Fetisov is sometimes playful and sometimes snide in his remarks, but he basically narrates the history of Russian hockey – starting with Stalin's founding of the organization, through the two key coaches: father figure Tarasov and the militant Tikhanov who followed. Stalin was convinced that Russian domination of global sports would clearly establish communism and the Russian culture as far superior to capitalism and the carefree ways of the west. This led to the Red Army hockey camps being run by the military. The players were isolated for eleven months each year, training and playing in a manner that generated ultimate teamwork, but also quite unhappy young men.

We see the influence of Russian chess (Karpov) and the Bolshoi ballet for training methods, and we also see the ever-present KGB ensuring no "escapes", or what we might know better as defections. We learn about the Russian Five (including Fetisov) who were so dominant that the team went two years without losing. Gold medals in Sarajevo (1984) and Calgary (1988) occurred just prior to the 1991 dissolution of the U.S.S.R. and the economic crisis of the region.

This is what opened the door for Russian hockey players to enter the NHL, though the transition was smoother for some than others. After a few years of adjusting, it was coach Scotty Bowman's 1997 Detroit Red Wings that won the Stanley Cup with a contingency of Russian players (including Fetisov) who were given free reign to play their own game while on the ice. Their movements and intricate teamwork clashed mightily with the individualistic style of westerners … and that group of Russian players can be credited with helping the game to evolve to its current style.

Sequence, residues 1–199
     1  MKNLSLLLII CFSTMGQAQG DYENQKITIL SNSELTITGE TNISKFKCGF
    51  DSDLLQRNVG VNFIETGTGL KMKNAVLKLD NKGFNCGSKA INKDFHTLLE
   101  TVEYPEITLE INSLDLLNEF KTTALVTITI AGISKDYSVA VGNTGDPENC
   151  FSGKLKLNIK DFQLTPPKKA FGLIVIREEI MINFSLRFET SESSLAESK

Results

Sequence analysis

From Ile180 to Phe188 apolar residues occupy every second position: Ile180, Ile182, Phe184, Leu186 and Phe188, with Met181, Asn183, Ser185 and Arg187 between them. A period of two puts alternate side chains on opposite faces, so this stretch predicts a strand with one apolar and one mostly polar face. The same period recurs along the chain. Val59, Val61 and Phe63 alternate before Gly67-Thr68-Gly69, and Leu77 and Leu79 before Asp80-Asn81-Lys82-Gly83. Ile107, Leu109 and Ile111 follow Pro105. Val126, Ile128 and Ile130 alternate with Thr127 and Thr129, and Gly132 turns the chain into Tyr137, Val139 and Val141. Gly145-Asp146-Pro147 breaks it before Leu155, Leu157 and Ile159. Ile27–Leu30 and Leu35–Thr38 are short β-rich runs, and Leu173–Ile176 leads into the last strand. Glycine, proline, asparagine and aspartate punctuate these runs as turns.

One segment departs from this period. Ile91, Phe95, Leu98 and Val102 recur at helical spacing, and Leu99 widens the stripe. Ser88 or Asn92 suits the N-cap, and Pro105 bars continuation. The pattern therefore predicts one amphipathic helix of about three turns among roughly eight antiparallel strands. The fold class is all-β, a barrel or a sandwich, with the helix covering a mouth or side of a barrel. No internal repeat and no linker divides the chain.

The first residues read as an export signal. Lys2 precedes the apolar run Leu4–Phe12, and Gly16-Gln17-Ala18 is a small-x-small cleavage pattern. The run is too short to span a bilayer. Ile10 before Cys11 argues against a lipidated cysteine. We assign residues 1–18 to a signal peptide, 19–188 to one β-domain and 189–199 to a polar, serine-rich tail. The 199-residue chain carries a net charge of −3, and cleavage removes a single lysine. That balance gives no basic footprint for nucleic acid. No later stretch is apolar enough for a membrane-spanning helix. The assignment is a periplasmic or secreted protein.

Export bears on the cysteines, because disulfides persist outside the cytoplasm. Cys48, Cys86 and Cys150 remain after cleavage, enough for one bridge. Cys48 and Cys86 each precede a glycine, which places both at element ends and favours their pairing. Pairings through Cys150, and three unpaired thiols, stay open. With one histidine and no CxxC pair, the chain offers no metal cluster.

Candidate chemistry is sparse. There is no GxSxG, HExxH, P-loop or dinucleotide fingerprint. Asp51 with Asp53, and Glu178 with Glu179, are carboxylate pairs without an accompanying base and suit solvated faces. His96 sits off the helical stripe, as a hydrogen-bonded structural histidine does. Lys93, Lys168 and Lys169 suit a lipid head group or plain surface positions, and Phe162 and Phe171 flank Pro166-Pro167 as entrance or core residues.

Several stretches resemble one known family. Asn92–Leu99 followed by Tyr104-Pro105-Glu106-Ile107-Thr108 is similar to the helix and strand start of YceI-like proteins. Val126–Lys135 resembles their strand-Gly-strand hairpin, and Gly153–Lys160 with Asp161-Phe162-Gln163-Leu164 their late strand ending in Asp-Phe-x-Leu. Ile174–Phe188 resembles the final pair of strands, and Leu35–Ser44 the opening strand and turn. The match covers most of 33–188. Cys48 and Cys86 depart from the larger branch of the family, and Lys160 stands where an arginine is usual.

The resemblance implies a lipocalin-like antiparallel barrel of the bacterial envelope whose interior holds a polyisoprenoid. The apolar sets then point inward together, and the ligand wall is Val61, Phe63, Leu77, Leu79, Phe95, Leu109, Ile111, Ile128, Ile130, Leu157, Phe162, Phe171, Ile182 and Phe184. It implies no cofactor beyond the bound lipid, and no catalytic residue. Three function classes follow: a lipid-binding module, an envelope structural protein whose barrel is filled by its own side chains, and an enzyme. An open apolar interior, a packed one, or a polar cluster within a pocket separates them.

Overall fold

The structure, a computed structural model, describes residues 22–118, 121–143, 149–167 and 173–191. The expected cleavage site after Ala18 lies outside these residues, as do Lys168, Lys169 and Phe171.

Much of the insight comes from the faces of the men who are interviewed. Their stoicism and lack of emotion is a microcosm of the society in which they were raised. Their country was obliterated by war, and then led by a megalomaniac who wanted to rule the world. Human emotion and the rights of individuals mattered little, and we see that despite the years of hardship, these players remain (mostly) true and loyal to their country. This is a fascinating look at human nature and how the culture of one's youth can directly impact the beliefs as an adult, so many years later.


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Frequently Asked Questions

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Details

Official Sites:

Official site

Country:

USA | Russia

Language:

English | Russian

Release Date:

29 January 2015 (Germany) See more »

Also Known As:

Red Army See more »

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Box Office

Opening Weekend USA:

$20,100, 25 January 2015

Gross USA:

$694,600

Cumulative Worldwide Gross:

$798,680
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Company Credits

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Technical Specs

Runtime:

Color:

Color

Aspect Ratio:

1.85 : 1